- 3rd of August, Woodside wrote to deputy director general of DAA Duncan Ord and requested the advice and map issued to Woodside on the 25th of July be withdrawn , which incredibly, 5 days later he did. Instead, Mr Ord offered Woodside a more refined map with a dithered boundary, however Woodside rejected this information also, claiming “that Woodside had no basis to consider that new credible information existed in relation to a possible site anywhere, let alone in the dithered boundary area provided”(p.1). Woodside subsequently requested that the second map be withdrawn, and requested that any new site information was given to Woodside to review before it was given to the ACMC for consideration (p.1 of attached).
Woodside were effectively able to ignore the direction of the regulator, they were able to argue for their purposes that a site did not exist in the area in question. Woodside denied they were provided with any new, credible site information, and that the cultural restrictions denied them procedural fairness. They argued the because of the size of the heritage place in question, it would be unlikely to meet definitions of a site under the Act, and further questioned the legitimacy of the Goolarabooloo Law Boss’s as informants, suggesting they had acted vexatiously in indentifying the site. This ‘divide and conquer’ method by industry where the legitimacy of un-cooperative aboriginal informants is maligned has also been employed by industry in the cases of the Lake Yindarlgooda and Yindjibarndi disputes also (FOI Lake Yindarlgooda 2013).
Instead of the Aboriginal, anthropological or archaeological definitions of this site being accepted for the purposes of the law, Woodside were able to assume this role and accept their own definition of what a ‘site’ is. Further, despite being the regulator, the DAA were at the very best completely impotent in providing any protection to the heritage place, in fact the deputy director general contradicted the advice of its own officers in acquiescing to Woodside’s requests. Goolarabooloo’s lawyers wrote to the Minister for Aboriginal Affairs, alleging Woodside had committed an offence and providing evidence of the offence. They strongly encouraged the DAA prosecuted Woodside, or else transfer their powers of prosecution to Goolarabooloo Law Boss so that he could prosecute (p.4). Neither were done, and because there is a 1 year window in which to prosecute offenses under the Act, it is no longer possible.This demonstrates that despite the great traditional and sacred significance of this site, it did not have practical protection from the law.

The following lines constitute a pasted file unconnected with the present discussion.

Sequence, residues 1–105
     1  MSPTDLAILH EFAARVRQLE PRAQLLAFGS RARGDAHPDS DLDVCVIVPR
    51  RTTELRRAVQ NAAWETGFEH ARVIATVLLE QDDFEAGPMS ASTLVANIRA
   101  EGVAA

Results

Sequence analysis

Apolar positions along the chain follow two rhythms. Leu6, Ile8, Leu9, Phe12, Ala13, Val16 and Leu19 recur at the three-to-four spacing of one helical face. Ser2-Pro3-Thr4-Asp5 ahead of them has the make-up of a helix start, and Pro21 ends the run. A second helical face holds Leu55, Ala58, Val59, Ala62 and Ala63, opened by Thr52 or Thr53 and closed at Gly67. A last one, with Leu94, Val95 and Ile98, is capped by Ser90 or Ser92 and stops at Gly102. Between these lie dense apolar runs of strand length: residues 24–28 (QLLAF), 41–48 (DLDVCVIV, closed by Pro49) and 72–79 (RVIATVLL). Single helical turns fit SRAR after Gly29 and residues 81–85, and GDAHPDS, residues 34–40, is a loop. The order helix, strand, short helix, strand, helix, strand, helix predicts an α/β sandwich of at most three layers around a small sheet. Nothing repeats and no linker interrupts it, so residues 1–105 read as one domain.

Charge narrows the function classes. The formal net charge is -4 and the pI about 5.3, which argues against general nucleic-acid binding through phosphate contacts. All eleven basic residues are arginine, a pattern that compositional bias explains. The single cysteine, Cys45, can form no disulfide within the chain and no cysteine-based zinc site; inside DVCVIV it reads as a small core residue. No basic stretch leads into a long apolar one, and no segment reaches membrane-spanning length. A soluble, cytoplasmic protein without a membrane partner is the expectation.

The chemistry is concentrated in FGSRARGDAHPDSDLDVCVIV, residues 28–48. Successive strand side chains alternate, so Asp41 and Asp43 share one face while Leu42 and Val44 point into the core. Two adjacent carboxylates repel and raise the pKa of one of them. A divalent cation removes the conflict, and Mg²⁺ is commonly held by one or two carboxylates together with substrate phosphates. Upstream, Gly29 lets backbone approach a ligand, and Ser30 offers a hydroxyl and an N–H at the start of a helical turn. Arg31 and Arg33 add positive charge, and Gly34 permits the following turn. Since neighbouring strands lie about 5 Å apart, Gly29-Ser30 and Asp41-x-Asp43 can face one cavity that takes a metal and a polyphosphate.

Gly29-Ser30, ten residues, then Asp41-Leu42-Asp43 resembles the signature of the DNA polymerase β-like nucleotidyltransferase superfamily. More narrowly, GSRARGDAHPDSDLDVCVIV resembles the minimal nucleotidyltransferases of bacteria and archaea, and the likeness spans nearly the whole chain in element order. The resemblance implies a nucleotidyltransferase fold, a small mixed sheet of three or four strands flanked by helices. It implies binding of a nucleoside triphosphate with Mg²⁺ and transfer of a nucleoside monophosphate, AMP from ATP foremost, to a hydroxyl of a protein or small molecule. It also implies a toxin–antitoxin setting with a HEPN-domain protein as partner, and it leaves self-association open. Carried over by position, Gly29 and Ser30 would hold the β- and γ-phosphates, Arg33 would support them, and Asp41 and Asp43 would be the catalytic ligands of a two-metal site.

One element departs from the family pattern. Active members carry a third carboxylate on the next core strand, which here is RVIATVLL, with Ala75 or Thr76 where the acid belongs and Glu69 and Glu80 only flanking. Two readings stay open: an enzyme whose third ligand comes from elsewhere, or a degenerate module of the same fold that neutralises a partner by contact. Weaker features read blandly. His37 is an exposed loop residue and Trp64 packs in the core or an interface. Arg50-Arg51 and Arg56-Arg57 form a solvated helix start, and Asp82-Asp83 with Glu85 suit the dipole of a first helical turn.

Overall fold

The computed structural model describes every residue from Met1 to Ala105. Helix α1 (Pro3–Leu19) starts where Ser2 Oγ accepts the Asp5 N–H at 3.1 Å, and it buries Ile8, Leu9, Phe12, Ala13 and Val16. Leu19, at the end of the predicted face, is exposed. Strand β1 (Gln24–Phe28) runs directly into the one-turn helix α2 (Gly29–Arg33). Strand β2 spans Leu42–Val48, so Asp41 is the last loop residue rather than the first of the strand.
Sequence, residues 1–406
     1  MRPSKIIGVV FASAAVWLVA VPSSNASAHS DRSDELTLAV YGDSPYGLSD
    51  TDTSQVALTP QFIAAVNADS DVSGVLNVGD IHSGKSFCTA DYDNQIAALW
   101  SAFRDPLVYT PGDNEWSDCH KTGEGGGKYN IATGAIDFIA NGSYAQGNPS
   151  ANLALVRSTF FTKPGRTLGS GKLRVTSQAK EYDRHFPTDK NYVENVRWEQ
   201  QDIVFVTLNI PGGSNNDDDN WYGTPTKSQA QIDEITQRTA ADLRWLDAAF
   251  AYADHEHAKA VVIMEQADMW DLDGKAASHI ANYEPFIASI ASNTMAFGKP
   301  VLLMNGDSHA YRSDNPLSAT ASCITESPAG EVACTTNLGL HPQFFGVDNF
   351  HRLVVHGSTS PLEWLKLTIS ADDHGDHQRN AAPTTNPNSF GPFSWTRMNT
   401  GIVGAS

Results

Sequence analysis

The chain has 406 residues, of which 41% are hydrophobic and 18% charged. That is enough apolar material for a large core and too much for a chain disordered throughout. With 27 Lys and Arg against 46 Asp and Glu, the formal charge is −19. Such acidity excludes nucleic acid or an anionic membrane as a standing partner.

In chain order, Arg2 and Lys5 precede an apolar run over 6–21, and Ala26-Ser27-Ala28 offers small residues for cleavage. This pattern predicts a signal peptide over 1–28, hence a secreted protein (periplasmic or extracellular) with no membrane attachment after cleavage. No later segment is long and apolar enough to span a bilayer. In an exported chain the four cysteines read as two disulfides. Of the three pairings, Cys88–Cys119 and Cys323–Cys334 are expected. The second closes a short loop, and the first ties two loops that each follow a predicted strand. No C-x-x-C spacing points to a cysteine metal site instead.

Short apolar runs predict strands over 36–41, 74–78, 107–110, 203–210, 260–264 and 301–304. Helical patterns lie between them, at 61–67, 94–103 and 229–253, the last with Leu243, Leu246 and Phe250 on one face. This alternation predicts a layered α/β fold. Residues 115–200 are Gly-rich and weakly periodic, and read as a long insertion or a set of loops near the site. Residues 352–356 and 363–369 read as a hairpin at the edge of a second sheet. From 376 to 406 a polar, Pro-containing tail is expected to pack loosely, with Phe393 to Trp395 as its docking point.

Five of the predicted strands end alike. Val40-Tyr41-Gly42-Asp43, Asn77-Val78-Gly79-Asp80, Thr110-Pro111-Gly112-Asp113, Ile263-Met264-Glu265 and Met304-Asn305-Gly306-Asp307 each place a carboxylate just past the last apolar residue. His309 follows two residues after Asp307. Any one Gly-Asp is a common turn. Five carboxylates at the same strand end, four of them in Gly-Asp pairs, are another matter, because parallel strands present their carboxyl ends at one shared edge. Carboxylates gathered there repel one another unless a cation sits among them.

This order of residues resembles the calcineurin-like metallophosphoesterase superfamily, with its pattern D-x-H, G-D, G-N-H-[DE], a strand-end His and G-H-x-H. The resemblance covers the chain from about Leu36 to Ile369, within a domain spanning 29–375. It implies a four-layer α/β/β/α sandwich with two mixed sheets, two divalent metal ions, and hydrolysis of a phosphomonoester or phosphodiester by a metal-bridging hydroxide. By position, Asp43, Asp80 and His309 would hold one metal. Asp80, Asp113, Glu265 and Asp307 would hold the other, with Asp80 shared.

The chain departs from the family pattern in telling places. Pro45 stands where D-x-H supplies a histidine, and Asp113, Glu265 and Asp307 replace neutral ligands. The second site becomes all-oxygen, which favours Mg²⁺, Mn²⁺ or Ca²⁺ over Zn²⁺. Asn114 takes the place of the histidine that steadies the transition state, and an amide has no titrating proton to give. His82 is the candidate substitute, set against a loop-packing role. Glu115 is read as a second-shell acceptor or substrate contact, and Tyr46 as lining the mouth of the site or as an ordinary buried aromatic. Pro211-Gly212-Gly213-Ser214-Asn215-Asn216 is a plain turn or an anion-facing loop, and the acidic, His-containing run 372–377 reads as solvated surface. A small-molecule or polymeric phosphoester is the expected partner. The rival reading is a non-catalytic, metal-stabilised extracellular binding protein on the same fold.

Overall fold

The Department has changed its definition of ‘sacred site’ under the Act, currently arguing that to be ‘sacred’ the site must be dedicated to religious use, not mythological story or song. This is certainly flawed anthropologically, and may also be flawed legally. This interpretation is currently subject to a Supreme court challenge by Aboriginal custodians in Port Hedland.